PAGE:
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Over the last year, we've been reminded that systemic racism has had a devastating impact on our society. For centuries, health inequities have contributed to Black Americans and people of color suffering worse health outcomes than their white neighbors. This six-episode series, hosted by Michael Sneed, Executive Vice President, Johnson & Johnson, features conversations with Black doctors and nurses on the front lines of health equity with the hope that by Starting the Conversation and listening, we create empathy. Through empathy, we gain understanding. And, through understanding, we inspire change.
Episode 3
Starting the Conversation, New York: If Not Us, Who?
New York is one of the largest and most racially diverse cities in the country, yet the gap between Black and white health outcomes could not be more pronounced. Michael Sneed, Executive Vice President, Global Corporate Affairs & Chief Communication Officer at Johnson & Johnson, continues the Starting the Conversation series speaking with two physicians and community organizers who have answered the question: “If not us, who?” These healthcare heroes are working to meet people of color where they are to strengthen trust in healthcare providers.

If these conversations speak to you, please consider joining the effort by learning more about the National Medical Fellowships and National Black Nurses Association and by clicking here.
Host
Michael Sneed
Michael Sneed
Michael Sneed most recently served as Executive Vice President, Global Corporate Affairs & Chief Communication Officer, and a member of the Executive Committee at Johnson & Johnson. He is a member of the Board of Trustees at the Thomas Jefferson Health System and a member of the Board of Directors of Wayfair. He holds a master’s degree in business administration from the Tuck School of Business at Dartmouth College and a Bachelor of Arts degree, cum laude, from Macalester College.
Adam Aponte, M.D., MSc, FAAP alt
Expert Guest
Adam Aponte, M.D., MSc, FAAP
Adam Aponte, M.D., MSc, FAAP
Dr. Aponte, Chief Medical Officer, East Harlem Council for Human Services, Inc., was born and raised in East Harlem, New York, and is the sixth youngest in his large Puerto Rican family of seven children. From a very young age, he had the dream to become a physician based on his love of the sciences and the strong desire to improve the health of his community despite a lack of role models, the many deterrents and a lack of support outside of his family. Ultimately, Dr. Aponte attended the Icahn School of Medicine (SOM) at Mount Sinai, a school located in the community in which he was raised. He was one of five minority students in his program even though the school is located in a minority community. From a clinical standpoint, Dr. Aponte has worked in communities like Brownsville, New York, at federally qualified health centers, helping to address the health disparities often experienced in these communities. In tandem with his clinical work, he is passionate about his work in academia addressing diversity, inclusion and policy change at Mount Sinai SOM and the Zucker SOM at Hofstra/Northwell.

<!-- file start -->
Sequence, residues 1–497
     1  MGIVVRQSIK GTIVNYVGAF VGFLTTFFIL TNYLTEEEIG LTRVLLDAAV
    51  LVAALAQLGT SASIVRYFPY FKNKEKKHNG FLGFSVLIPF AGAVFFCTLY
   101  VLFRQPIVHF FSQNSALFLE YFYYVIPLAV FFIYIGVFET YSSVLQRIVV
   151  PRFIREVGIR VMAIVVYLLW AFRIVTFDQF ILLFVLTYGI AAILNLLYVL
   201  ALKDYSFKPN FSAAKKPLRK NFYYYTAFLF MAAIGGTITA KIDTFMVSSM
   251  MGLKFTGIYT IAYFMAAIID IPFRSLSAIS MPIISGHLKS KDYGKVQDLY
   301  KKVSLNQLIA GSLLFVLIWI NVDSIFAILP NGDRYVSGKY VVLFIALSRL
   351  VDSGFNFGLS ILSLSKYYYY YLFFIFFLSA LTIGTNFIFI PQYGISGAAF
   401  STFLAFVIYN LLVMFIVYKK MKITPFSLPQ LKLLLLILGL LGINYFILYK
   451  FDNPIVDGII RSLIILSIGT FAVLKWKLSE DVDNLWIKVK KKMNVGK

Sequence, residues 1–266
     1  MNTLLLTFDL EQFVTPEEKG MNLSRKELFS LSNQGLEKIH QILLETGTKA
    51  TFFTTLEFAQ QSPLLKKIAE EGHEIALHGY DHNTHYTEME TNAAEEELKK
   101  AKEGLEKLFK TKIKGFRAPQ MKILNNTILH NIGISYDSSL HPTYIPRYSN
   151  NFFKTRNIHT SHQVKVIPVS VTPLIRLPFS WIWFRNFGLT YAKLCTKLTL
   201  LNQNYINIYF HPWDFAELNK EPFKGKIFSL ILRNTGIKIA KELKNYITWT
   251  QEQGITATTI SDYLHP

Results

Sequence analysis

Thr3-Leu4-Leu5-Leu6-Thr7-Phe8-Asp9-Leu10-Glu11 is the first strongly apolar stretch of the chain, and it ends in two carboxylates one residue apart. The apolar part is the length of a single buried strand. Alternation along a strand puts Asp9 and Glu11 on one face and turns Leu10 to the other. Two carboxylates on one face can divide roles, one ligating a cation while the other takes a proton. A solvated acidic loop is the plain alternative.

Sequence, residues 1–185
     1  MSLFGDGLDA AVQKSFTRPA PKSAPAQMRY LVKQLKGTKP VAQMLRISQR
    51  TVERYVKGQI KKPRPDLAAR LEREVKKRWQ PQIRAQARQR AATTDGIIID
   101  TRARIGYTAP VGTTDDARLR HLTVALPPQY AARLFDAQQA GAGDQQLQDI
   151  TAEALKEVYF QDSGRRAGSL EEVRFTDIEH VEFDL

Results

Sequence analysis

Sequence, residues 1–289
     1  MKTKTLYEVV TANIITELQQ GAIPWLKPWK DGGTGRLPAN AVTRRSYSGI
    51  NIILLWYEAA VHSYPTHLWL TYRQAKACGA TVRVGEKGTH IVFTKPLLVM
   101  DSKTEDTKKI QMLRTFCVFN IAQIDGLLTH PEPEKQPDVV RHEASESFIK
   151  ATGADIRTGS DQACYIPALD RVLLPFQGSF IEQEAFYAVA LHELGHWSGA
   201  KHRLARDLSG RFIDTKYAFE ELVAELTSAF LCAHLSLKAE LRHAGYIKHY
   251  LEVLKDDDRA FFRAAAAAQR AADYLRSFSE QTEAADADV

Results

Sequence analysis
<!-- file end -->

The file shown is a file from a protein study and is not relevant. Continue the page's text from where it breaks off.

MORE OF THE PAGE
Julius Johnson, DNP, RN, FNP-BC alt
Expert Guest
Julius Johnson, DNP, RN, FNP-BC
Julius Johnson, DNP, RN, FNP-BC
Growing up, Johnson—who is now Department Chair, School of Nursing at LIU Brooklyn - Long Island University, and President of the Greater NYC Black Nurses Association—was exposed to a lack of adequate healthcare services at a young age. As a child, he began to see nursing as a way to get out of his community, but only later would he realize that it was also his way to give back to his community. He holds B.S. and FNP-BC degrees from Binghamton University in Upstate New York and a DNP degree from the University of Miami, which opened his eyes to the systemic racism that is perpetuated in healthcare systems. Johnson has created multiple healthcare companies and strives to give back to minorities in low-income neighborhoods, including the ones that he grew up in.

Our Race to Health Equity

Johnson & Johnson is committed to eradicating racial and social injustice as a public health threat by eliminating health inequities for people of color. The company is committing $100 million over the next five years to invest and promote health equity solutions.
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